The Point of Perfection – Prompt Inspired

And so, after a far longer hiatus than ever intended, I return. Life got in the way as it so often does, but I found the time to write something small. I’m using it as a sort of refresher and so I have not spent all that much time on it, but here it is.

The prompt was:

A man makes a sandwich, by the time he finishes it he realizes there is no point in life.


Martin had finally finished his careful arrangement of the perfect sandwich when the explosion rocked the house. He startled and knocked the soft white base of his masterpiece, sending the succulent chicken slices toppling off the side and down on to the wooden breadboard.

This would normally have been cause for much muttered cursing and gnashing of teeth, as Martin was very particular about the way he arranged his food. This was especially true of sandwiches, the construction of which often took him a great deal of time. They had to be perfect.

“You’ve got to put them together like a puzzle,” he always thought to himself as he tucked little wedges of chicken right up the corners of the perfectly square bread. “It requires thought and care. Throw the slices on at random, with no preparation and no thought, and you’re left with a lumpy mess. Too much filling in some parts, far too little in others. But if you take the time to make it all perfect, you can enjoy the whole thing from crust to crust.”

Marie teased him for it, but Martin didn’t mind. The first time she laughed and teased him, he became self-conscious and upset. But then she told him that it was actually one of the most adorable things he did, and she loved the care he took over them. And so he continued to perfect his craft.

Today, however, the explosion took precedence. Shattered glass flung itself against Martin’s back and tangled itself in his greying hair as the window behind him burst inwards. He spun around quickly to face the driveway, knocking the breadboard from the granite counter and sending it clattering down to the kitchen floor along with a pile of perfectly prepared sandwiches.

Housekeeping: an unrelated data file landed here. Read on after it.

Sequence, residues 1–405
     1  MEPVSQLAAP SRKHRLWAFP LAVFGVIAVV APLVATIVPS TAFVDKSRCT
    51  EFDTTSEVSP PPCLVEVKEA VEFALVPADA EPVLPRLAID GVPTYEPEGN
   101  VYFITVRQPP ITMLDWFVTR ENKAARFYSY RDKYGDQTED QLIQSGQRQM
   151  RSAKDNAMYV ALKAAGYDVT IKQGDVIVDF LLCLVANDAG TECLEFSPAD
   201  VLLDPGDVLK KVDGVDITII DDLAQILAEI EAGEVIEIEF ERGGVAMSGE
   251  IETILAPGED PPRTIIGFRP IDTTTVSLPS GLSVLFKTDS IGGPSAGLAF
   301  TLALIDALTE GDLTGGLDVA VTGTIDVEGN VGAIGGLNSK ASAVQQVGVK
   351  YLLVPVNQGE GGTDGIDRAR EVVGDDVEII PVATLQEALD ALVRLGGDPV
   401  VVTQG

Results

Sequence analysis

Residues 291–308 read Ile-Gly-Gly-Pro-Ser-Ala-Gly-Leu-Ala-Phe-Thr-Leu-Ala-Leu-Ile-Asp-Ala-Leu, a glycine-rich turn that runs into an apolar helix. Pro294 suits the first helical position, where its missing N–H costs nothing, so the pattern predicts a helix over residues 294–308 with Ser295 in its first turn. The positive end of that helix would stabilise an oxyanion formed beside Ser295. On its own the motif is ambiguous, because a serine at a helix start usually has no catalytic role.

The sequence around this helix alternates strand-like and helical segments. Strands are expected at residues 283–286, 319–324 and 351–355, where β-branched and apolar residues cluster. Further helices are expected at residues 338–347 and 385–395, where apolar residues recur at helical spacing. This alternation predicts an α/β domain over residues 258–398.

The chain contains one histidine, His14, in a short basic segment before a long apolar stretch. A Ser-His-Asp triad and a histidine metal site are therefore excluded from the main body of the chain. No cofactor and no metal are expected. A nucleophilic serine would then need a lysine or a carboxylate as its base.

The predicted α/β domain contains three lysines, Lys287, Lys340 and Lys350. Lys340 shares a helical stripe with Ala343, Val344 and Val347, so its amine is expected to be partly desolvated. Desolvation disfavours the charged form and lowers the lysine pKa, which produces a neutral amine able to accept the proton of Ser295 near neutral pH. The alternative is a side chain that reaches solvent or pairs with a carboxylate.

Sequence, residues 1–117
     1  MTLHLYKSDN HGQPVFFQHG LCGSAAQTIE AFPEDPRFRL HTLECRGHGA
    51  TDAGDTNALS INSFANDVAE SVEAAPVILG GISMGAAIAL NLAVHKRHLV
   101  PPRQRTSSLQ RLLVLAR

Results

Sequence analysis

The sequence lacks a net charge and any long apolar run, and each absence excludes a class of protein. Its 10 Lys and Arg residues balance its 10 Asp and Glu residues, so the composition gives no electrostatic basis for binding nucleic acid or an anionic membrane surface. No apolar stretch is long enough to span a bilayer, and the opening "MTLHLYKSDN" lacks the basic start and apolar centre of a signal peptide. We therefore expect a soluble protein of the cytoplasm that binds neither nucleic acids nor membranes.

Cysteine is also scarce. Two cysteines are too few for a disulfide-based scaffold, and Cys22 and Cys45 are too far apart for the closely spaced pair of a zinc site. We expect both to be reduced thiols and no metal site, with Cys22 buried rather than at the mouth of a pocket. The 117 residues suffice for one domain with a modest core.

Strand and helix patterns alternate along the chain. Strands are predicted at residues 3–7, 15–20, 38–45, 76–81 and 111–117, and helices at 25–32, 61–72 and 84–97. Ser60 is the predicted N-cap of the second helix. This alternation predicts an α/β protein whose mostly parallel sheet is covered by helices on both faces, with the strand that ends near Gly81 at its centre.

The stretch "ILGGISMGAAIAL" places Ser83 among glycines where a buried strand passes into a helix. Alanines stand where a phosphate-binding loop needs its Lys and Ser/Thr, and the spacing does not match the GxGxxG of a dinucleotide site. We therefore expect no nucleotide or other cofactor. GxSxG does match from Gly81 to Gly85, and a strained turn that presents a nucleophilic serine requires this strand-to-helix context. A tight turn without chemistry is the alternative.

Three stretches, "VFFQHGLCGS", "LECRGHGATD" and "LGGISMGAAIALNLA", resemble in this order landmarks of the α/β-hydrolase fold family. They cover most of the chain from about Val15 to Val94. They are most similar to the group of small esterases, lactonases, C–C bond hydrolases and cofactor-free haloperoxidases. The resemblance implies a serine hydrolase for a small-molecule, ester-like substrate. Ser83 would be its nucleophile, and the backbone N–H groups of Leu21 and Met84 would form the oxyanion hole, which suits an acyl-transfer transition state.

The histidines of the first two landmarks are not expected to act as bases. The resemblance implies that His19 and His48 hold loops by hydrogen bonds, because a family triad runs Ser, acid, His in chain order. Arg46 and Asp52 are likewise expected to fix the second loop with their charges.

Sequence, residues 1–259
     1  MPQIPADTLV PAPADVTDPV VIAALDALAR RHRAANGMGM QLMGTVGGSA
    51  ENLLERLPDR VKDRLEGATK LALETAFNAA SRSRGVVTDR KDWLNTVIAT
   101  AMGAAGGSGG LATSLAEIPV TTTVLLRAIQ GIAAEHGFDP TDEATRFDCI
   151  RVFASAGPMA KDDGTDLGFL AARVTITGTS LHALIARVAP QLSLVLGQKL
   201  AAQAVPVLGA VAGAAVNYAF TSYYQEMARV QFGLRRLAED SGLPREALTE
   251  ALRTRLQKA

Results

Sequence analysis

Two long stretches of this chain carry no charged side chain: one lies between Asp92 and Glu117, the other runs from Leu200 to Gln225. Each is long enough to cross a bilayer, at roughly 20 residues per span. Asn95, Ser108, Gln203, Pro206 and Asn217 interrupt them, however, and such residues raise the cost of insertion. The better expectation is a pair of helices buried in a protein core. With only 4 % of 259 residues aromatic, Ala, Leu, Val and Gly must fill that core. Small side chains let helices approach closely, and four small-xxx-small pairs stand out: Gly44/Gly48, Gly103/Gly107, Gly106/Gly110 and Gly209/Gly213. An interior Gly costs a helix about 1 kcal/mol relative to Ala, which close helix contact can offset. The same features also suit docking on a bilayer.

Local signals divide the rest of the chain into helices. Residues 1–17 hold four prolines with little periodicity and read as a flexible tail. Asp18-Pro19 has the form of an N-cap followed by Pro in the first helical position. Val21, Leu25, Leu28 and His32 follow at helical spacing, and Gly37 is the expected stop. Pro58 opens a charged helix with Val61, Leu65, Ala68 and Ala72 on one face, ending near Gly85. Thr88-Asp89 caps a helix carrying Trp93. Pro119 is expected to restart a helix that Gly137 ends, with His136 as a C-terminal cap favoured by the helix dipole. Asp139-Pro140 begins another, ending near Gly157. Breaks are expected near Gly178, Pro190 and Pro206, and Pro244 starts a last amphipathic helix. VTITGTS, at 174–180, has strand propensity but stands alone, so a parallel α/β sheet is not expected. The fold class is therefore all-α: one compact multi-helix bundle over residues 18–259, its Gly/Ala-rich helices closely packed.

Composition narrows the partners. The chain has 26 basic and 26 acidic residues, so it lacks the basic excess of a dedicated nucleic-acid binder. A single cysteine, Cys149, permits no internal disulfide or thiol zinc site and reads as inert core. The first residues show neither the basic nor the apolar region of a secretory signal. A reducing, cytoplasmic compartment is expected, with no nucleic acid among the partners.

His view through the window was almost entirely blocked by thick black smoke that billowed up into the summer sky and slowly edged its way into the kitchen. Martin’s mouth dropped open. He gasped and smoke tickled his throat. He tried to call out, but he found he had no voice. He was sure that his heart had stopped.

He snapped from his daze and bolted through the kitchen door to the hallway, leaving a squashed sandwich imprinted with the sole of his shoe in his wake. He reached the front door and grabbed madly at the handle, his re-activated heart beating wildly as he failed to control his shaking hands.

Finally the handle turned downwards and Martin threw the door open, then stumbled over the threshold and down the front steps to what was once beautifully manicured garden. Now, instead of flowers, twisted hunks of charred metal poked out of the flower beds, turning their mangled heads to the bright light of the sun. The striped pattern of perfectly mown grass was now marred by muddy scars where the ground had been gouged away and piled up against the white picket fence. Shards of glass winked at him in the sunlight from where they lay mixed with the daisies and buttercups that dotted the lawn.

He was still standing there in that garden of destruction when the police found him. “What is your name, sir?” they asked. “Are you hurt, sir?” they pressed. “Talk to us!” they demanded. But they got no response. Martin just stood there, staring down at the ground, where one recognisable object lay in pieces in a field of nightmarish debris.